Monsanto, the world’s biggest seed company, plans to eliminate 12 percent of its workforce to reduce expenses as it forecasts fiscal 2016 earnings that trailed analysts’ expectations amid weaker commodity markets.
Profit will fall to $5.10 to $5.60 a share in the 12 months that began Sept. 1, excluding restructuring costs, from $5.73 a year earlier, St. Louis-based Monsanto said Wednesday in a statement. That compares with $6.22, the average of 23 estimates compiled by Bloomberg News. The shares dropped in premarket trading in New York.
Monsanto plans to eliminate 2,600 jobs as it reprioritizes some research and development efforts, including exiting the sugar-cane business, to save as much as $300 million a year. Like most of its competitors, Monsanto is struggling to increase earnings amid two straight years of depressed commodity prices that have reduced farmer incomes. Still, the company said it plans to meet its goal of doubling per-share earnings in five years from 2014.
— Bloomberg News
Under a proposed U.S. regulation that will probably draw ire from Wall Street, banks and credit card companies would not be allowed to force customers to sign away their legal rights to take part in class-action lawsuits.
The Consumer Financial Protection Bureau said Wednesday the proposal marked the first step in the process of potentially drafting regulations to ban certain “free pass” arbitration clauses, often buried in fine print, that consumers must sign when opening financial accounts.
Banks, credit card companies and broker dealers typically use such clauses to shield themselves from lawsuits and lower their legal costs. Signers cannot file claims in federal courts and must resolve disputes individually through privately appointed arbitrators.
“The essence of the proposals we have under consideration is that they would get rid of this free pass that prevents consumers from holding their financial providers directly accountable for the harm they cause when they violate the law,” CFPB Director Richard Cordray said in a prepared statement for a hearing in Denver.
Wall Street banks have opposed any efforts to chip away at arbitration clauses, long targeted by consumer advocacy groups, which say they curb legal rights.
The 2010 Dodd-Frank Wall Street reform law gave the CFPB and the Securities and Exchange Commission the power to restrict or ban arbitration clauses.
The CFPB on Wednesday published an outline of proposals it will consider. Not all arbitration clauses would be banned. Individual disputes, for instance, could still be resolved through arbitration. But it would prohibit companies from using such clauses to block class-action lawsuits. Companies that choose to use arbitration clauses for individual cases would have to submit information to the CFPB concerning any claims filed and awards issued.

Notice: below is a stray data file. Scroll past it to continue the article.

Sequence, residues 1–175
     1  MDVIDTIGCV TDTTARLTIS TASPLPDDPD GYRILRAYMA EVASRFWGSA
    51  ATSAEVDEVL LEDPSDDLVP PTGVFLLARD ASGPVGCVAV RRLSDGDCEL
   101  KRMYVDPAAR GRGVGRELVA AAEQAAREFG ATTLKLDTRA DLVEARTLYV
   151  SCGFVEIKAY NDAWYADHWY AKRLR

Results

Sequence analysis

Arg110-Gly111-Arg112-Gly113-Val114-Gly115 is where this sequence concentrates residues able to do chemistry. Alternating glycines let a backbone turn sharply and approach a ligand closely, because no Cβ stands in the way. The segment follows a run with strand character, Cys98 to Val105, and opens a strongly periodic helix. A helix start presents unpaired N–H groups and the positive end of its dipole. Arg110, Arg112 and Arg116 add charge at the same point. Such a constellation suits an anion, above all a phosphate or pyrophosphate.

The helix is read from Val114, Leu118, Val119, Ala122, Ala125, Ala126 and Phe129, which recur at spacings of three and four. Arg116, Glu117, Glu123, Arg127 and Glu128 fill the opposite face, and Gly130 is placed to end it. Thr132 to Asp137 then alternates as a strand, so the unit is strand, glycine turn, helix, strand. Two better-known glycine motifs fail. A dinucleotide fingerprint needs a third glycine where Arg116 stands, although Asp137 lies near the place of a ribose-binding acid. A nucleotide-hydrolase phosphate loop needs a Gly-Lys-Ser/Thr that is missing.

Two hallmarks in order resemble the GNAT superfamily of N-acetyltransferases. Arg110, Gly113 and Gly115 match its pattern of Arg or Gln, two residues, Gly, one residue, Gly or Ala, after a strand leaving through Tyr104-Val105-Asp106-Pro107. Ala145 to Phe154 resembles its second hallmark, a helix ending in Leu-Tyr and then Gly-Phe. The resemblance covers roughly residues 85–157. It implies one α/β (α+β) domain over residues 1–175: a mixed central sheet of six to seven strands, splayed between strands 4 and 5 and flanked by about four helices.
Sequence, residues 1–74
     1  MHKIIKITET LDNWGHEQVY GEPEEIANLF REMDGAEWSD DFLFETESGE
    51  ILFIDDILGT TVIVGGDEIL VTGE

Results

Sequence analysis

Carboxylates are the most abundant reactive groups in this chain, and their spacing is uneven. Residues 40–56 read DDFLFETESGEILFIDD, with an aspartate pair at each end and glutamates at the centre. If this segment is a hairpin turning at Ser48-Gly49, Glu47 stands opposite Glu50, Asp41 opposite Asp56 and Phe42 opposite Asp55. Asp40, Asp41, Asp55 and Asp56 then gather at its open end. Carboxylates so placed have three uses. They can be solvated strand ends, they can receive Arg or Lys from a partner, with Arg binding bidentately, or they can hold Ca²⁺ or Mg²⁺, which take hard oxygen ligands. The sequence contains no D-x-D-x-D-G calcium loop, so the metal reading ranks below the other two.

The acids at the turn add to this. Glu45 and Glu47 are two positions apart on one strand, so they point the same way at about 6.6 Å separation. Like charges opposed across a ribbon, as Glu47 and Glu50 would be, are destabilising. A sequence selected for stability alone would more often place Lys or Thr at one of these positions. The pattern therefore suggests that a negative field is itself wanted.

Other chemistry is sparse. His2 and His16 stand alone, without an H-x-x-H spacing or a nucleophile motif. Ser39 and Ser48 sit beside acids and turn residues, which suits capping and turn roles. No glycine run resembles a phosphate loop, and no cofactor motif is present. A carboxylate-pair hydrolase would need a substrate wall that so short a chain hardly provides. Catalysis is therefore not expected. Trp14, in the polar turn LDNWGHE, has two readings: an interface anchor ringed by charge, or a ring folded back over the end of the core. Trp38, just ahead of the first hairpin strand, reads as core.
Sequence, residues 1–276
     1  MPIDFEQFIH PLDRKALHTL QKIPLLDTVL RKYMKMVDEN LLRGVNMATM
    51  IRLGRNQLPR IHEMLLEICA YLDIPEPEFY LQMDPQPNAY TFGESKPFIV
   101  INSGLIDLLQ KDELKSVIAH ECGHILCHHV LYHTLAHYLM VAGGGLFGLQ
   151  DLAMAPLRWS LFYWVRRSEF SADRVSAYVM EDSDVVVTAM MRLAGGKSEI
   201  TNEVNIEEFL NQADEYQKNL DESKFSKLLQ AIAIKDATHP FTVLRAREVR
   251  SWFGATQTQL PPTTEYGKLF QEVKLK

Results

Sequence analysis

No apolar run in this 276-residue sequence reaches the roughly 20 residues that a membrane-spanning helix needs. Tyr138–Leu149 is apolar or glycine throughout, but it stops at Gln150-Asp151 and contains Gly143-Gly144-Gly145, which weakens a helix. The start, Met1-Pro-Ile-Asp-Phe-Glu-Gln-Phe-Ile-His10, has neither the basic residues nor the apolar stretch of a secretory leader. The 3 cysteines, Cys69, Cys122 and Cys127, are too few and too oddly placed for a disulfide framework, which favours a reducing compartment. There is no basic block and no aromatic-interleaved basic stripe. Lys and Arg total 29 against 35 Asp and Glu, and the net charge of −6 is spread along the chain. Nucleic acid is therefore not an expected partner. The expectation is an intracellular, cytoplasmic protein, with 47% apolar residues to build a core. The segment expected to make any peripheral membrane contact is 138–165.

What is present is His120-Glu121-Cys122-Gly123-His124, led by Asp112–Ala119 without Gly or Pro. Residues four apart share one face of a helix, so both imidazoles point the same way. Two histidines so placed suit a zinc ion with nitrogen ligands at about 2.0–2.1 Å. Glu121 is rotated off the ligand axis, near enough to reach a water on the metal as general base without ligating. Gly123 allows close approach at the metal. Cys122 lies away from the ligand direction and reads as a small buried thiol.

● Gannett has reached an agreement to acquire the Journal Media Group, a newspaper company, for $280 million, giving the media giant control of publications in more than 100 local markets in the United States, company officials announced Wednesday evening. Journal Media publications dot the Midwest and South and include the Milwaukee Journal Sentinel, Memphis Commercial Appeal and Knoxville (Tenn.) News Sentinel.
● U.S. consumer borrowing advanced at a solid pace in August, as Americans took out more auto and student loans. The Federal Reserve said consumer borrowing rose by $16 billion in August, pushing the total to a fresh record of $3.47 trillion. The August advance was slightly below the July gain of $18.9 billion. Borrowing for car and student loans rose $12 billion in August. Borrowing in the category that covers credit cards rose by $4 billion. Economists are forecasting that consumer spending, which accounts for 70 percent of economic activity, will remain strong in the coming months, supported by continued willingness of households to take on more debt.
● Urban Outfitters will end on-call scheduling at stores in New York. The state’s attorney general, Eric T. Schneiderman, said the Philadelphia-based retailer plans to phase in the change next month. In April, Schneiderman’s office wrote to 13 major retailers questioning the practice of keeping workers on call for shifts on short notice. The office also cited possible violations of New York’s requirement to pay hourly staff for at least four hours when they report for work. Schneiderman says Urban Outfitters agreed to provide New York employees with work schedules at least one week in advance. Other retailers with agreements are Bath & Body Works, Victoria’s Secret, Abercrombie & Fitch and Gap.
● A U.S. jury on Wednesday awarded a cancer patient $1.6 million after finding DuPont was liable for leaking a toxic chemical used to make Teflon into drinking water near one of its plants. Following a three-week trial, jurors in Columbus, Ohio, found DuPont liable to Carla Marie Bartlett, who is the first to go to trial among about 3,500 plaintiffs who say they contracted one of six diseases linked to perfluorooctanoic acid, known as PFOA or C-8.
— From news services
● 8:30 a.m.: Labor Department releases weekly jobless claims.
● 10 a.m.: Freddie Mac releases weekly mortgage rates.
● 2 p.m.: Federal Reserve releases minutes from its September interest-rate meeting.
● Earnings: Alcoa, Domino’s Pizza, National Beverage.